New balls please: why golfers are demanding change to driving distances

Driving has gone too far, say proponents of new measure that could save legendary courses

Watching Rory McIlroy drive a 373-yard par 4 to set up a four-foot eagle putt at the recent WGC Match Play on the PGA Tour to beat Denny McCarthy, you would have been inclined to think professional golf, or at least the way it was played, was in good shape.

Earlier on the back nine in the same match, McIlroy hit a 420-yard drive on the par-5 12th hole, leaving just 157 yards to the hole.

But as such displays of prodigious driving thrill golf fans, a proposal to reduce the distance the golf ball travels has been hanging over professional golf heading into the first major of the year.

It comes as the famous par-5 13th hole at Augusta will increase by 35 yards this year up to 545 yards at the Masters Tournament, after players such as Bubba Watson had success cutting the corner and leaving just a wedge into the green.


Augusta National spent a reported $25 million (€22.8 million) to purchase the land to lengthen the hole, one of many changes made over the past 20 years to maintain the challenge of Augusta, which has increased in distance over that time by more than 500 yards, to total out at 7,545.

Golf’s rule makers, the Royal & Ancient and the United States Golf Association, revealed plans to put extra limits on how far the ball will fly in top events, to be implemented in 2026 if adopted.

McIlroy himself backed the proposals saying “innovation is a part of every sport. But whenever that innovation outgrows the footprint of the game, that’s when I think we have a problem.”

Proponents of changes to the golf ball argue that limiting the distance could restore balance to the game, amid concerns that some of the world’s great courses have become obsolete.

In 2000, Tiger Woods broke the record for the lowest score in a major with 19 under par at St Andrews. That record lasted 15 years until Jason Day won the PGA Championship at 20 under. Since then, four more majors have been won by a score of 20 under par.

McIlroy is on course to have the longest average driving year in history at 326 yards, almost 40 yards longer than 30 years ago, when no player, not even the famously “Long John” Daly, managed a 290-yard average. Some 167 players on the PGA Tour this season average over 290 yards.

According to US PGA champion Justin Thomas, who criticised the USGA proposals, it’s simply “evolution”, a sign of golf’s move towards athleticism. “We’re training to hit the ball further and faster and if you can do it, good for you.”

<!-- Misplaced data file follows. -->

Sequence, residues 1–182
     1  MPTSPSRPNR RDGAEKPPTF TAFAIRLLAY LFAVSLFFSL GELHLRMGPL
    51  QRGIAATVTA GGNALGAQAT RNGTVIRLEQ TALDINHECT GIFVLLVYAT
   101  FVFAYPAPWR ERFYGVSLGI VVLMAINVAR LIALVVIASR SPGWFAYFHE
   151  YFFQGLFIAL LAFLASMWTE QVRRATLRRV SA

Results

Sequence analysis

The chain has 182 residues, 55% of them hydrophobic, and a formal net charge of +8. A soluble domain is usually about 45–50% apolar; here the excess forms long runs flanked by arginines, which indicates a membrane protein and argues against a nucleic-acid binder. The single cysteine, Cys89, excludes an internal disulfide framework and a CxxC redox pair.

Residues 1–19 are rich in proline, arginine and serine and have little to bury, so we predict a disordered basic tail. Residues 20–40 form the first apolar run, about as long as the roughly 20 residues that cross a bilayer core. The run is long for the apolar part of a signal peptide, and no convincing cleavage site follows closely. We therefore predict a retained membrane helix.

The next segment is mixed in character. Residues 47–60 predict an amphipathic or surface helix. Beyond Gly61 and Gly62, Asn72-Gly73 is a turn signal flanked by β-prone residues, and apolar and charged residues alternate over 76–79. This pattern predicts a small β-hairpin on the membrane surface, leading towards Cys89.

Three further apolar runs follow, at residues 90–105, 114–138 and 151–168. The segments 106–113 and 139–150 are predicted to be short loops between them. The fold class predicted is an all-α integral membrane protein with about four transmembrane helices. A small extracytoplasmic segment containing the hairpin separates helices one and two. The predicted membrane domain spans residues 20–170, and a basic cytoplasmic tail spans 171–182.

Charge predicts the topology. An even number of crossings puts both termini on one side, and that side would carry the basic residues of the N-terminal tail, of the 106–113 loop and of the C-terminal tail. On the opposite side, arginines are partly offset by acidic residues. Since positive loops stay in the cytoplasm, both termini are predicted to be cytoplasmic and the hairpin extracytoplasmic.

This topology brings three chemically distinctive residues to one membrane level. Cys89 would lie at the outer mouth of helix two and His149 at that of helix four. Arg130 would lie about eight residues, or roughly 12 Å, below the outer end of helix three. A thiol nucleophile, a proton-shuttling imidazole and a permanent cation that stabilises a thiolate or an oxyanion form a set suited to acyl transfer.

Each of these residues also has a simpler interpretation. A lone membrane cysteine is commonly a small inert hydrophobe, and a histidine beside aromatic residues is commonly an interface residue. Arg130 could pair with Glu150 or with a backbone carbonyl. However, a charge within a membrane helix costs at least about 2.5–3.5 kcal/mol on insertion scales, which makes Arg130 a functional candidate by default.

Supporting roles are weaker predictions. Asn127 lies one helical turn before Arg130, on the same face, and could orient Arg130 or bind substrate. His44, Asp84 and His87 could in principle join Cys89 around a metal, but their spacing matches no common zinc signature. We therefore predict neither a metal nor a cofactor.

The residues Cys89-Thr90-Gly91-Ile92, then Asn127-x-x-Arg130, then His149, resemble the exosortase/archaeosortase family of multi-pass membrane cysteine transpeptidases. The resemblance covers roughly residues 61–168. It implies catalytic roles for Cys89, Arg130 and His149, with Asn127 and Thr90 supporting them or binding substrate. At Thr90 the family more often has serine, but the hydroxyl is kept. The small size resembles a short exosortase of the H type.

If 1999 Tiger Woods, at the peak of his physical condition, had a time machine to go forward 24 years to the PGA Tour in 2023 using the same equipment, he would be 140th in driving distance.

In 2007 (where we have the earliest stat tracking of club head speed), Woods had an average ball speed of 123.9mph, which would still make him fifth in club head speed on tour in 2023. Yet he would only be 59th in driving distance this year. Are that many modern professionals more athletic than peak Tiger Woods?

That is why golfing authorities are looking at equipment at the elite level. The USGA and R&A have already made a local rule to cap pros’ driver length at 46 inches, down from 48 inches. The most obvious change to equipment in modern times to the untrained eye is driver head size. Dust off an old set of clubs and the driver will look more like a modern 5-wood.

But limiting the size of driver heads brings with it other issues of regulation, USGA’s chief Mike Whan said, as the head size would not just be a driver issue, it would affect every metal club in your bag, a “cost prohibitive” and “difficult” rule to implement.

The easiest solution, then, is to look at the golf ball. Under the proposals, a ball struck at a laboratory-controlled swing speed of 127mph must not travel more than 320 yards. The change is expected to reduce hitting distance by 14-15 yards on average for the longest hitters with the highest club head speeds.

Manufacturers take issue at the “bifurcation” of the golf ball, where golf would be divided, in terms of the equipment used, between elite and recreational play. But the USGA and R&A are banking on it being a numbers game – a well-hit drive of 310 yards instead of 330 yards is still a well-hit drive that will excite spectators. Bifurcation is also not an alien concept to sports – American high-school teams in baseball use metal bats whereas Major League teams use wooden ones.

Pádraig Harrington told SiriusXM PGA Tour Radio that rolling back the ball is a no-brainer.

“In terms of cost – the cost of building a golf course, the cost of maintaining a golf course, the speed of play is going to be incredibly improved by reducing the distance, by reducing the size of the golf course and also reducing the amount of waiting time on par-5s and par-4s.

“There’s so many benefits to rolling it back. Old golf courses come back into play, great golf courses come back into play. Environmentally, reducing the footprint. So many reasons to roll it back. It’s dangerous. Golf balls go so far.”

It is not clear if the PGA Tour will implement the proposals. Augusta National have said they will be respectful of the process but have been “consistent in our support of the governing bodies, and we restate our desire to see distance addressed”. All of golf’s major stakeholders now have until August 14th, 2023 to provide feedback as the debate rumbles on.